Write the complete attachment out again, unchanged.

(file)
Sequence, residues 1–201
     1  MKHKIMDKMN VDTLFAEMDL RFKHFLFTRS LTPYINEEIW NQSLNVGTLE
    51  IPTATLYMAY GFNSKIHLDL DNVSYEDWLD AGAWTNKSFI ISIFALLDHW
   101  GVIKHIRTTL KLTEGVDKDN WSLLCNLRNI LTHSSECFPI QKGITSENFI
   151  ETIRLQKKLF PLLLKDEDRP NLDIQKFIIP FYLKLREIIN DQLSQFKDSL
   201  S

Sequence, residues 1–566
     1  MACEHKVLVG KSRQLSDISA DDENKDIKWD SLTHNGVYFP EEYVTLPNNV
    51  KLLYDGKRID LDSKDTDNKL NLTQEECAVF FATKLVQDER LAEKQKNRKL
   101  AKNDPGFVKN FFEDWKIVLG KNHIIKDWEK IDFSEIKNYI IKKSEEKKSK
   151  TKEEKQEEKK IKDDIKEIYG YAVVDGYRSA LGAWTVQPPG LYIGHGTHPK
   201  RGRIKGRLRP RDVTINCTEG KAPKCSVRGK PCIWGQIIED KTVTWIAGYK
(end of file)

Sequence, residues 1–201
     1  MKHKIMDKMN VDTLFAEMDL RFKHFLFTRS LTPYINEEIW NQSLNVGTLE
    51  IPTATLYMAY GFNSKIHLDL DNVSYEDWLD AGAWTNKSFI ISIFALLDHW
   101  GVIKHIRTTL KLTEGVDKDN WSLLCNLRNI LTHSSECFPI QKGITSENFI
   151  ETIRLQKKLF PLLLKDEDRP NLDIQKFIIP FYLKLREIIN DQLSQFKDSL
   201  S

Sequence, residues 1–566
     1  MACEHKVLVG KSRQLSDISA DDENKDIKWD SLTHNGVYFP EEYVTLPNNV
    51  KLLYDGKRID LDSKDTDNKL NLTQEECAVF FATKLVQDER LAEKQKNRKL
   101  AKNDPGFVKN FFEDWKIVLG KNHIIKDWEK IDFSEIKNYI IKKSEEKKSK
   151  TKEEKQEEKK IKDDIKEIYG YAVVDGYRSA LGAWTVQPPG LYIGHGTHPK
   201  RGRIKGRLRP RDVTINCTEG KAPKCSVRGK PCIWGQIIED KTVTWIAGYK